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Carmody Groarke completes gallery that features brick vaulted ceilings and back-lit panels
United Kingdom Architecture News - Apr 02, 2021 - 17:27 3302 views
London-based architecture studio Carmody Groarke has converted an old warehouse into an exhibition gallery with brick vaulted ceilings with fibre-glass panelled walls featuring back-lit in Manchester in the United Kingdom.
The project, named New Special Exhibitions Gallery, was realized as part of the first phase of the Science And Industry Museum's masterplan for the historic site in Manchester.
The museum's historic structure is the world's oldest railway station complex which is also known as Manchester Liverpool Road.
Covering a total of 1,200-square-metre area provides an open space for temporary exhibitions, the new architectural space combines the railway's vaulted arches, 5m-high vaulted ceilings with modern touches.
The new gallery is located on the lower ground floor of the New Warehouse, which is a Grade II listed structure, dating back to the 1880s.
"In the coming years, the museum aims to create stronger site-wide orientation and access between the existing historic buildings and spaces and its network of Victorian railway viaducts," said Carmody Groarke.
Creating a new visitor route, the new gallery space links the Lower Yard with the busiest levels of the museum above. The space also opens-up public access as a gallery space to this part of the museum’s globally significant site for the first time.
A new entrance is provided from the museum’s Lower Yard and restores the vaulted undercroft of the historic viaduct, also known as the “Pineapple Line” - because railway tracks run into the New Warehouse.
The new gallery space takes visitors into a bright and welcoming space, which clearly orientates visitors and provides an uplifting arrival.
While the interior design carries the traces of the past, the architects used modern elements to elevate the space - a good choice of color palette also complements the overall language.
Upon entering, visitors feel the full-height of the space, while fibre-glass panelled walls transform the visitor welcome from outside to inside.
"This also alleviates the visual weight of the heavy Victorian structures overhead, which were designed to support the weight of goods wagons above, and concealing some of the ongoing maintenance works required for care the historic building fabric in perpetuity," added the studio.
The architects used hand-cast fibre-glass panel and tinted with a terracotta-hues to complement the historic language inside.
"Each new fibre-glass panel has been hand-cast and tinted with a terracotta-hue to complement the surrounding weathered Victorian brickwork," the architects continued.
In the interior, the panels are subtly back-lit, revealing the maker’s marks in their surface and to gently illuminate the spatial and decorative qualities of the historic cast-iron and brick jack-arch structures that form the railway infrastructure above.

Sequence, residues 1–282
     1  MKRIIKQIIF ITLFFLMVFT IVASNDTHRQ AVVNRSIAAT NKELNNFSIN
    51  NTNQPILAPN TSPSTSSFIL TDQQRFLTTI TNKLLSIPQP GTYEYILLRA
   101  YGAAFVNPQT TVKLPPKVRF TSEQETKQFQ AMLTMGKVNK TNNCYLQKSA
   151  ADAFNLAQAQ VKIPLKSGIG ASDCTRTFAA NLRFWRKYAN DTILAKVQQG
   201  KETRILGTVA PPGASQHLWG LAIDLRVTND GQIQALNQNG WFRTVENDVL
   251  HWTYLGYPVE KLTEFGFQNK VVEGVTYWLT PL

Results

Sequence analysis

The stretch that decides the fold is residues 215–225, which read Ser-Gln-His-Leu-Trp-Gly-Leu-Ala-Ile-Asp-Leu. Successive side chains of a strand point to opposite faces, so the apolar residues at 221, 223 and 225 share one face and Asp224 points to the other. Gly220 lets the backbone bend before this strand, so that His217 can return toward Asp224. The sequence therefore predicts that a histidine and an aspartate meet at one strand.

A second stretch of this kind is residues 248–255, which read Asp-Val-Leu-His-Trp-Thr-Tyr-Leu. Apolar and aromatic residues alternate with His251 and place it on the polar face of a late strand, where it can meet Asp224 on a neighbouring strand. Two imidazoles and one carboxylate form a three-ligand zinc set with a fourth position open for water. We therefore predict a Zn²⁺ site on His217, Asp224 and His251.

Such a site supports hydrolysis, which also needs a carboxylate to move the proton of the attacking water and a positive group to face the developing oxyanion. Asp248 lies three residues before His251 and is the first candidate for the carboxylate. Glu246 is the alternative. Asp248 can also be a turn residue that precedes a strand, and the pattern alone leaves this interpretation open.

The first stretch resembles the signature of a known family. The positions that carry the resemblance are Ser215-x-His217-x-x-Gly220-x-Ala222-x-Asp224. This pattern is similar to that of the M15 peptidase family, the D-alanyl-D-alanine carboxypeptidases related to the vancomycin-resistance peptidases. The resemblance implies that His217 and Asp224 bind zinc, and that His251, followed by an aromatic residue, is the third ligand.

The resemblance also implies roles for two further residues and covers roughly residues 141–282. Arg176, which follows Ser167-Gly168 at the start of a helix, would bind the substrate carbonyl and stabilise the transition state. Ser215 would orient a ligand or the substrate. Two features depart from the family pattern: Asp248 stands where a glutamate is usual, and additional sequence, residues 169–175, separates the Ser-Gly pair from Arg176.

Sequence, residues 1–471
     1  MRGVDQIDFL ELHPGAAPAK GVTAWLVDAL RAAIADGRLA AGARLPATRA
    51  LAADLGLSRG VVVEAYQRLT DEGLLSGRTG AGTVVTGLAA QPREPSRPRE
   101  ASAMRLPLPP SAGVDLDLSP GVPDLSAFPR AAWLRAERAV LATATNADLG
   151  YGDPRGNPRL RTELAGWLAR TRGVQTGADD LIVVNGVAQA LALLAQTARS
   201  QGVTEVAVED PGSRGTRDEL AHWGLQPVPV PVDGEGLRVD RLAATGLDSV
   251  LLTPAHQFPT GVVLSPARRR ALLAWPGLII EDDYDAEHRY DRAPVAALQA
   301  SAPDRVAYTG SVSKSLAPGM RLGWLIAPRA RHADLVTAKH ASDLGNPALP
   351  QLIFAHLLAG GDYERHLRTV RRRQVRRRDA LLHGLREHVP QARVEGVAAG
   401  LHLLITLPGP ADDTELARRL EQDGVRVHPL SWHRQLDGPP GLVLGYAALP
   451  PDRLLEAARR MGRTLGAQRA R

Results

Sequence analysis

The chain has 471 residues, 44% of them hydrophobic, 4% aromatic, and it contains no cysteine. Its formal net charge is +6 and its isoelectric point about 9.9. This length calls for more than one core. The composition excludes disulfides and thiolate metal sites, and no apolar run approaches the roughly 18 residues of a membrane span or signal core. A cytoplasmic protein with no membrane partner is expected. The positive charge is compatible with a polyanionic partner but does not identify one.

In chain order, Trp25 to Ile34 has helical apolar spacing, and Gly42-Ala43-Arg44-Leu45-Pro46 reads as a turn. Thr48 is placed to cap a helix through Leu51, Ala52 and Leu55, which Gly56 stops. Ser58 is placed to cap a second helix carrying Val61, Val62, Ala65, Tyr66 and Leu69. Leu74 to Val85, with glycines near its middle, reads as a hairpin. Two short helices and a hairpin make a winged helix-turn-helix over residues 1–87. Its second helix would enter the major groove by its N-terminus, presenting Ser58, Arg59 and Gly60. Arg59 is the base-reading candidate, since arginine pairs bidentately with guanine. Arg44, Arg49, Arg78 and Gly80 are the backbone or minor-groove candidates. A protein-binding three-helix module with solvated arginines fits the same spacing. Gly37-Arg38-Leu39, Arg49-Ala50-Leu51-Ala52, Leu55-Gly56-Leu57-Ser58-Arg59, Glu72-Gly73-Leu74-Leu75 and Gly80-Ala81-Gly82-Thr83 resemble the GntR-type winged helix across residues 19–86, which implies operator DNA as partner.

An external ramped entrance provides access to entrance below the railway viaduct and it creates step free access for all visitors and assists with collections management. This space allows the museum to display larger collection items, with dedicated object preparation and handling facilities also being provided.
"The Lower Yard and the area below the ‘Pineapple Line’ viaduct will increasingly play a key role in the site-wide masterplan, with new connections and entrances between the Science and Industry Museum, The Factory and the developing St John’s and Castlefield neighbourhoods, as this part of the city is transformed," Carmody Groarke explained.
When visitors are inside, they meet the foyer that introduces visitor welcome functions and a large open-plan events space, which connects directly to the new Special Exhibitions Gallery.
The architects added that "this new gallery exploits the size and character of the vast warehouse lower-ground floor with its composite cast-iron and brick structure and 5m-high vaulted ceilings, which follow the profile of historic railway lines and platforms above."
"The historic fabric throughout the gallery has been revealed and restored, to allow visitors to experience the grandeur and scale of the original warehouse space, whilst enjoying new exhibition experiences."
The architects elegantly and carefully designed the gallery in order to support the display of the museum’s collections, whilst also reducing the museum’s energy use.
Implementing passive environmental design strategies, they used passive design systems wherever possible to reduce life-cycle costing, save carbon and to reduce the visual impact on the exhibition environment.
For example, as the team highlight, new walls have been bolstered with hygroscopic mass to reduce need for dehumidification and low energy exhibition lighting has been used throughout.
The new Special Exhibitions Gallery is the first completed project in the Science and Industry Museum’s multi-million-pound masterplan.
The museum's masterplan will conserve and further open up its globally significant buildings and bring to life the story of the site and past, present, and future ideas that change the world.
Carmody Groarke was founded by Kevin Carmody and Andy Groarke in 2006 in London. Carmody Groarke and Riehle+Assoziierte are currently working on plans to convert old brutalist offices into church in Nuremberg.
Carmody Groarke and TRANS Architectuur | Stedenbouw are designing a new extension of Design Museum Gent in Belgium.
Carmody Groarke previously enclosed Charles Rennie Mackintosh's the Hill House with a transparent structure.
Project name: New Special Exhibitions Gallery
Architects: Carmody Groarke
Location: Manchester, United Kingdom
Client: Science Museum Group
All images © Gilbert McCarragher
All drawings © Carmody Groarke
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